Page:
Review by Ian Keogh
Bear’s Tooth begins with three connected volumes, each of the books titled after and focussing on one of three friends we first meet as youngsters in 1930. Theirs is an idyllic existence, growing up in the Silesian countryside between two world wars, largely unaffected by the past and unaware of the future. Max, Hanna and Werner have a shared passion for aviation, building their own gliders and rockets, and knowledgeable enough to identify even prototype aircraft flying overhead.
Max Kurtzmann is first seen in 1944, a daredevil fighter pilot with the US Air Force, one of many Poles displaced from his homeland and determined to rid it of Nazi occupation. The key scene, however, is the following one in which Yann introduces the three protagonists as children. It’s compactly written, defining their status in an area where nationalistic Germans are already suppressing the Jewish and Polish populations. Max fits both profiles, and of the friends is the smartest academically, yet not the best engineer.
Bear’s Tooth is superbly drawn by Alain Henriet whose characters exude personality, and whose scenery looks as wonderful as intended. The countryside is inviting, and he packs the detail into man-made locations, yet without them ever seeming crowded. As flight is the theme that both unites and divides the cast, it’s important the flying scenes convince, and Henriet’s compositions are effective and beautifully realised, and also well researched, plane buffs able to recognise fittings and markings. The covers are a fine indication, cleverly linked, contrasting the children we first meet with a glimpse at their futures, depicting each holding the model gliders they made.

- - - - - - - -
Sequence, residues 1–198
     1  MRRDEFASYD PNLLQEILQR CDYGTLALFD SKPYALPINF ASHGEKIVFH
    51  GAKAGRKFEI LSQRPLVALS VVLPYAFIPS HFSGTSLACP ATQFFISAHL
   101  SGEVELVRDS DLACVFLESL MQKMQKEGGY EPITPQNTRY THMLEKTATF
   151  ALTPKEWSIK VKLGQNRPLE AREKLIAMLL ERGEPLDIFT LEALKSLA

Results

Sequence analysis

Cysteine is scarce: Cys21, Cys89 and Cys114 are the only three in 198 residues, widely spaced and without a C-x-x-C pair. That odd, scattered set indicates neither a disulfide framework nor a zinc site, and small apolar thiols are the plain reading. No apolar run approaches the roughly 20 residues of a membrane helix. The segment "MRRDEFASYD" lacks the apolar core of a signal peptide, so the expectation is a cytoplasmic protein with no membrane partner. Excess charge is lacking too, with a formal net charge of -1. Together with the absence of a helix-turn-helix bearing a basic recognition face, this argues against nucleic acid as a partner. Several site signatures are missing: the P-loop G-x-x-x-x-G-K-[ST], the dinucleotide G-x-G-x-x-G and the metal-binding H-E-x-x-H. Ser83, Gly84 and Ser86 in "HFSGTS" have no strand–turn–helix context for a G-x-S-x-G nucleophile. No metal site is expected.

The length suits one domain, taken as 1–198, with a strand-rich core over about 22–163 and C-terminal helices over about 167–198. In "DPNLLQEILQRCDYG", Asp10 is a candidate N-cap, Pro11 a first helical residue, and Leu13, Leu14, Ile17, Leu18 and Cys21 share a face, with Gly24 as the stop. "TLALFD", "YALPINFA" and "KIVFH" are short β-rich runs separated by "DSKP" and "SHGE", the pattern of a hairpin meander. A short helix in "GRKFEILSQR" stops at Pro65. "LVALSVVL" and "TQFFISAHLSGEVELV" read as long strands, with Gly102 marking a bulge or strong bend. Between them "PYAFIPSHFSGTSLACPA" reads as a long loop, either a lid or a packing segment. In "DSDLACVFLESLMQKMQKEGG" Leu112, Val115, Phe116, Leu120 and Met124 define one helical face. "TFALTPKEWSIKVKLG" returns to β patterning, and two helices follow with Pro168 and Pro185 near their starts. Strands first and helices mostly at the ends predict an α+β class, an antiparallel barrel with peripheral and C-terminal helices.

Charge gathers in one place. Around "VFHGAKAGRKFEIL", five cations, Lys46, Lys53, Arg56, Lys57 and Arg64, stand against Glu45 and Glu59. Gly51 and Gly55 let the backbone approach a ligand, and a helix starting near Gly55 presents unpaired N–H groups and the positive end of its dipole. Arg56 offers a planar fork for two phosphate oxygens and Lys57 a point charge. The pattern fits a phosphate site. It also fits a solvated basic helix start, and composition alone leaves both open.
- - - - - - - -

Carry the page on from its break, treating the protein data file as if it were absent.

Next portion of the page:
Yann’s method of storytelling is to cut between sequences in the past and the present day of 1944, the final line of a scene so often having a relevance in introducing the next, and the cleverness extends to Max’s eventual predicament as the past intrudes. This past becomes tragic as each of the three friends takes a different view of the increasing Nazi German influence in their homeland, driving a wedge between them. However, a vow made that they’ll remain friends for life becomes an emotive driving point. The background notes reveal how historical research was the foundation stone for Yann’s story, the Silesian region a cultural melting pot between the world wars, and an area where Germans, forbidden to maintain an Air Force, trained pilots in gliders. The title isn’t explained, although Max carries a bear’s tooth as a good luck charm, and prominent in the plot is his loss of two fingers.
Despite the overall quality, one element never quite convinces. Yann seems to be making a point about the shaky foundations of anti-semitism by having the Jewish Max and Aryan Werner look considerably similar, both handsome young boys with blond hair. When their similarity becomes a plot point later, however, it’s strained, although the consequences are disappointingly natural. Stick with it. This is deliberate and has relevance as Bear’s Tooth continues.
As a dramatic opening Max does its job well, providing excellent period drama, and setting a tension for what follows in Hanna. Can close childhood friendships still count for anything in an ideological conflict ten years later?